May 20, 2022

Pastoral Ministry / Saul Llasca

Solid pastoral formation serves as a bridge of hope for the Church

Saul LlascaThe synodal process is a blessing for the entire Church. It is asking for the participation of the people of God, side by side, working together. From a leadership perspective, listening sessions or encuentros (encounters) help us know and understand the people we serve.

In 2018, I met a 19-year-old woman at a regional Encuentro gathering in South Bend. I was inspired by her knowledge of the faith and her understanding of life. She reminded me that we are the product of our actions, and that we are known by our fruits. After speaking with her, I wondered about her formation and how, like her, we can use that to effectively form others.

I believe that is what the Church needs, to be able to present Jesus Christ through our actions and deeds. And we need to know our faith well.

Since 2018, after observing the differences between the Church in the United States and the Church in my native Bolivia, I started realizing the Church needs more catechesis and evangelization.

However, the same question arises: how can we have better catechesis and evangelization if we do not have formation? How can I, in my position, equip other leaders in the Church if I do not provide the foundational tools for them to share Jesus Christ?

According to a 2019 Pew Research Center study, only one-third of Catholics in the U.S. understand and believe in the real presence of Christ in the Eucharist. This data was not new to the Latino community. The Encuentro Nacional de Pastoral Juvenil (National Meeting of Youth Ministry), published in 2006, stated that the Church needed “catechetical programs for young adults that explain the depth of the sacraments, especially the holy Mass, as well as the values and principles Catholics believe in so that they can grow in our faith.”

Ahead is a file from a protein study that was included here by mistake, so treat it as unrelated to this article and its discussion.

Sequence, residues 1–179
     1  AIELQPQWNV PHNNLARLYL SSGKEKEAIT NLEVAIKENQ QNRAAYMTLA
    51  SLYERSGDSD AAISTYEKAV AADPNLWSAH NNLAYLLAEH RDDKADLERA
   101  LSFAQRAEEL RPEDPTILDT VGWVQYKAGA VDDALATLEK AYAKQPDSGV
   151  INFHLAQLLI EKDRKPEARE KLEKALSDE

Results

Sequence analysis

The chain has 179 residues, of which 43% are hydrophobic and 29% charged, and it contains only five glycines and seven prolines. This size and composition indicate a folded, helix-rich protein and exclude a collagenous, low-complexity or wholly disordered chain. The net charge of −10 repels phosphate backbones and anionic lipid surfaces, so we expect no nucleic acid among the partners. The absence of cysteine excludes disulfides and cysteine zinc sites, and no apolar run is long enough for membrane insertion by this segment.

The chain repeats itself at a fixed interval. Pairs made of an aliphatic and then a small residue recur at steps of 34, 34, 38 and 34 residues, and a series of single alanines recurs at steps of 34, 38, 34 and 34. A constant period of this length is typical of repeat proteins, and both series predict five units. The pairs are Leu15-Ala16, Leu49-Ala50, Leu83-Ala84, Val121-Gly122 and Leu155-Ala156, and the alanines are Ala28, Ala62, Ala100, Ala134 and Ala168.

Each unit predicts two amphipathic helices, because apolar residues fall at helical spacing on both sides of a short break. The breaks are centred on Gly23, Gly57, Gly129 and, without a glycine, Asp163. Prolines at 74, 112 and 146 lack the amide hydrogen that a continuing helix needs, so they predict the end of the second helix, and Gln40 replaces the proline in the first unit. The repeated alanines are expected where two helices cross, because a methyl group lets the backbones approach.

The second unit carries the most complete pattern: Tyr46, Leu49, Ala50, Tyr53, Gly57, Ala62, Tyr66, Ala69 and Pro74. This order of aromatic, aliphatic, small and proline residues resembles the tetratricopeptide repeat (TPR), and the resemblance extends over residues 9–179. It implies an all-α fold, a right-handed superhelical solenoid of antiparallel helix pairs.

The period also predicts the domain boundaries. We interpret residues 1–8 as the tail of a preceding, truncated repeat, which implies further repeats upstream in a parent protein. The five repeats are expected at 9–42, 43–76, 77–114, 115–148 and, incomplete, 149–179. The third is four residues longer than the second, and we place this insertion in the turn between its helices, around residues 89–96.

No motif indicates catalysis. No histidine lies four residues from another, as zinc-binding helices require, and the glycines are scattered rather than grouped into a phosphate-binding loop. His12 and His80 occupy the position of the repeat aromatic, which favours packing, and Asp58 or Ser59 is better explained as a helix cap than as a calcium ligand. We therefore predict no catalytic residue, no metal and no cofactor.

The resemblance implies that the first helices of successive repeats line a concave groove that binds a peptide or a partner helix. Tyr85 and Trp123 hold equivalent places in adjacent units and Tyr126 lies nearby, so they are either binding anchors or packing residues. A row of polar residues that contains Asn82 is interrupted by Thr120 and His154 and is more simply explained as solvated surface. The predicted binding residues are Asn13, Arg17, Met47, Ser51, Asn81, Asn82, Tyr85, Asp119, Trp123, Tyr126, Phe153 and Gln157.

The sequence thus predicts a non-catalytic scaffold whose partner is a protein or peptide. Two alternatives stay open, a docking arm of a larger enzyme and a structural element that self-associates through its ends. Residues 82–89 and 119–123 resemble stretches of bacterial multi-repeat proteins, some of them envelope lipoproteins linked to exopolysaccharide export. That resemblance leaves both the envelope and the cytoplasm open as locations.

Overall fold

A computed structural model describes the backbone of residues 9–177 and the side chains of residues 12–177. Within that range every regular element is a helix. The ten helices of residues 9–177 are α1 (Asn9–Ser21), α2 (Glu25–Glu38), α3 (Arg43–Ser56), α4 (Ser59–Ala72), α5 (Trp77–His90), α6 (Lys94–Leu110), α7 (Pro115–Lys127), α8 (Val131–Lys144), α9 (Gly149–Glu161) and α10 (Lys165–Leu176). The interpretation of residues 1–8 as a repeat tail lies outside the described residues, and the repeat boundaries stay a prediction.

That was 16 years ago and is a clear example of prophetic voices from the periphery. In 2006, Latino young adults spoke about the importance of catechetical programs that address the realities and needs of people. These voices challenged us to be creative and develop new ways to present Christ to others. It also noted other areas where we can grow as a Church.

The document suggested “integral evangelization processes that respond to the life circumstances of Latino young people and constitute good news in the face of consumerism and individualism of the culture.”

This suggestion can lead us to the answer to the question I posed: how can I, in my position, equip other leaders in the Church if I do not provide the foundational tools for them to share Jesus Christ? We can help leaders develop formational processes to assist people in presenting Jesus Christ to others. As the 19-year-old told me, our actions and deeds are how we present God to others.

There is also a need for formation in human development in the Church. There is a need to learn again what it means to be human. We as Church are getting used to seeing others suffer. Some people have become used to having abortion clinics in their area and not defending life from conception to natural death. People have become used to seeing immigration caravans, seeing people dying in search of a better life, and many other heartwrenching issues present in society.

The document also suggests integral training and formation programs that allow young adults to assume leadership and responsibility. We need to invest in forming all of our youths and young adults to work in the Church. We also need to form them to be people of faith in their careers—Catholic doctors and nurses who can defend life, Catholic politicians who can create laws for the good of the people, Catholic lawyers who will seek justice.

The Church’s synod is leading us to a historic time, and we can no longer be just spectators. May we use that formation and the gifts we have to build up our Church.
 

(Saul Llasca is coordinator of the archdiocesan Office of Hispanic Ministry. E-mail him at SLlacsa@archindy.org.)

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